Thursday, September 22, 2016

Genetic Clues to What Happened in Australia About 4,000 Years Ago???

See the post (below) I just did a few minutes ago:

Linguistic and Genetic Mystery in Australia, discussing an article in today's news that was reported at PhysOrg, from an article in Science.

So after posting that article, I'm scratching my head thinking about what could have happened to initiate this cultural and linguistic change that evidently started in northeastern Aboriginal Australian culture around 4,000 years ago.  This change left its mark by introducing one or more new stone tool technologies and altered the language markedly.  So great were the impacts of these changes that a few intrepid someones from this first impacted group set off on a grand adventure for reasons unknown to us, and these intrepid someones eventually reach enough isolated outposts of Aboriginal Australians scattered across the length and breadth of the continent.  They stayed long enough to pass along trace DNA into the populations, as well as the new language and stone work technology or technologies.  They either then died off from old age or moved on to find a new group of people, but their genetic footprints remained among the isolated population groups they had visited.

At least, this is the premise presented in the September 22, 2016 article.

My first thought was that there had to be some kind of outside contact that acted as an explosive wake-up call to the Aboriginal Australians in the northeast.  But with whom?  Being an incurable romantic, I immediately was thinking about some culture from the Mediterranean - like a Phoenician ship blown off course!  But that didn't fit the DNA evidence which, the article states, shows that the agents of change were genetically Aboriginal Australians from the northeast, not folks from off-continent.

Then I happened to scroll down a little bit - still on the same page as the original article at PhysOrg, and saw this article:

Gene flow from India to Australia about 4,000 years ago

January 14, 2013
It is certainly food for thought -- but how to reconcile the genetic findings in the study reported in the September 22, 2016 PhysOrg article with the Max Planck study, which states, in part:

"A study led by researchers of the  Institute for Evolutionary Anthropology in Leipzig, Germany, now finds evidence of substantial gene flow between Indian populations and Australia about 4,000 years ago. In addition, the researchers found a common origin for Australian, New Guinean and the Philippine Mamanwa populations." [Emphasis added.]

So - you tell me, experts out there - what the hell is correct???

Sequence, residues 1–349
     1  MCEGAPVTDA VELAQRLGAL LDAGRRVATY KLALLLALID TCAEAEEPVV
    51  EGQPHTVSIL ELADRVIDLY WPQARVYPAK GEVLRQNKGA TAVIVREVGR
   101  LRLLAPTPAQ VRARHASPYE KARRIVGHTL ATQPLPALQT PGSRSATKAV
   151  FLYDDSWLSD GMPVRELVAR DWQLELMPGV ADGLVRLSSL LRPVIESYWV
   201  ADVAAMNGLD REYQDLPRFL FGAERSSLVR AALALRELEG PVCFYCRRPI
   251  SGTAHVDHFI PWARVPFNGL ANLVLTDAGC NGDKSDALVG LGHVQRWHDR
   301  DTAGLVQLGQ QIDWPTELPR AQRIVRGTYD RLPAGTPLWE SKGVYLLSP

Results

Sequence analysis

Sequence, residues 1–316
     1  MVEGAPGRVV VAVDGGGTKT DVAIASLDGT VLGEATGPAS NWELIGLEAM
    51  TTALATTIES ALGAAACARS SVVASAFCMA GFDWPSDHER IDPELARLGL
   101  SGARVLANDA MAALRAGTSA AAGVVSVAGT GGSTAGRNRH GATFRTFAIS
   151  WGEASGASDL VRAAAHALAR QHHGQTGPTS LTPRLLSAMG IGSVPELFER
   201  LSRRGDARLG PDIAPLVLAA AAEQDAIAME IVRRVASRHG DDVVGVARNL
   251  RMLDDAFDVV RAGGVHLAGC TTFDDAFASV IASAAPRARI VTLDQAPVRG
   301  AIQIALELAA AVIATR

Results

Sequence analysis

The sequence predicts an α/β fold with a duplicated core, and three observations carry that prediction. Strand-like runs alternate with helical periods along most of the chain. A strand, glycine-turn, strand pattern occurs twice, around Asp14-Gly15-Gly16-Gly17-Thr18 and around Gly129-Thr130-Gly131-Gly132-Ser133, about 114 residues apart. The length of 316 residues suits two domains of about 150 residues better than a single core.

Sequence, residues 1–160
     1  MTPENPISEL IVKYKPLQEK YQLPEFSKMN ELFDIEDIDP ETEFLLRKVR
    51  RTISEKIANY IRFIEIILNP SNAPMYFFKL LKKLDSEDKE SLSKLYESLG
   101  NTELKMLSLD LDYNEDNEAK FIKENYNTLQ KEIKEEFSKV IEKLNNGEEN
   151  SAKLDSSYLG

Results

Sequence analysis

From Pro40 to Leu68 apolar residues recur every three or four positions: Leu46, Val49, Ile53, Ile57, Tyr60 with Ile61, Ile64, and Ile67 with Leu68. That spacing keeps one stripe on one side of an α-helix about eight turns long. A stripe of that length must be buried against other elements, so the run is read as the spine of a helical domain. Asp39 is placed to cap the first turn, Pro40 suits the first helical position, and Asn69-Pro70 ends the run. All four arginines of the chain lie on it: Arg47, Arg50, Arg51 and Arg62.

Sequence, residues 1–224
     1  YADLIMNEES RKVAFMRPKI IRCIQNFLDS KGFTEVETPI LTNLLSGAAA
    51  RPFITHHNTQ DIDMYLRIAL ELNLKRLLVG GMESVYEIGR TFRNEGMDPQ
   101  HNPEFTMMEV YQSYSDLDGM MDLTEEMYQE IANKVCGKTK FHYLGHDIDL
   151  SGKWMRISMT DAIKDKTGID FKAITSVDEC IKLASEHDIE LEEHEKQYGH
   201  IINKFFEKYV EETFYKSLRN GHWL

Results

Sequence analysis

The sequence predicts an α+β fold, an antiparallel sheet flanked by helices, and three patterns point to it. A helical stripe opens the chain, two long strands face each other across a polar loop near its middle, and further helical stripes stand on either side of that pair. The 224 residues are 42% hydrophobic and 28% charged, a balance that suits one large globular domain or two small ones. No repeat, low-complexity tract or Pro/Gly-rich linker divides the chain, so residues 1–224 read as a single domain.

I'll tell you what I'm thinking right now.  I'm wondering if there is some kind of hocus-pocus going on with people tippy-toeing around genetic findings about Aboriginal Australian populations because of the current political explosiveness of what is being discovered as researchers continue to dig further into our pasts and genetic herstories.  And I'm wondering if the Max Planck genetic findings reported in the 2013 PhysOrg article are just full of shit and biased by a Germanic preference for the "Indo-European out of India" slant that the German school of scholars from the 19th century forward have traditionally applied to such things as the development of language and mathematics, etc. and even right down to asserting a northern Indian origin for the game of chess despite plenty of evidence to the contrary.  And I'm wondering what we will say about all of this ten years from now.  I hope to still be around in ten years, so I'll have to make a note to myself on one of my kitchen cabinets with a sticky to check back on this.

One rather, er, interesting explanation I came up with while further pondering this as I was typing away:  there was perhaps no genetic swap of DNA between visitors from India and the Aboriginal Australians in northeast Australia despite enough meetings for language communications to have developed and exchange of technologies and ideas because all the contacts/exchanges were solely between males.  Now, given the male penchant for discovering a skirt hiding 500 miles away from the nearest landing point, I find this somewhat unbelievable.  Another possibility is that the Aboriginal Australians killed any children born after such cultural exchanges that they believed might have been fathered by the "foreigners."  Hmmm...

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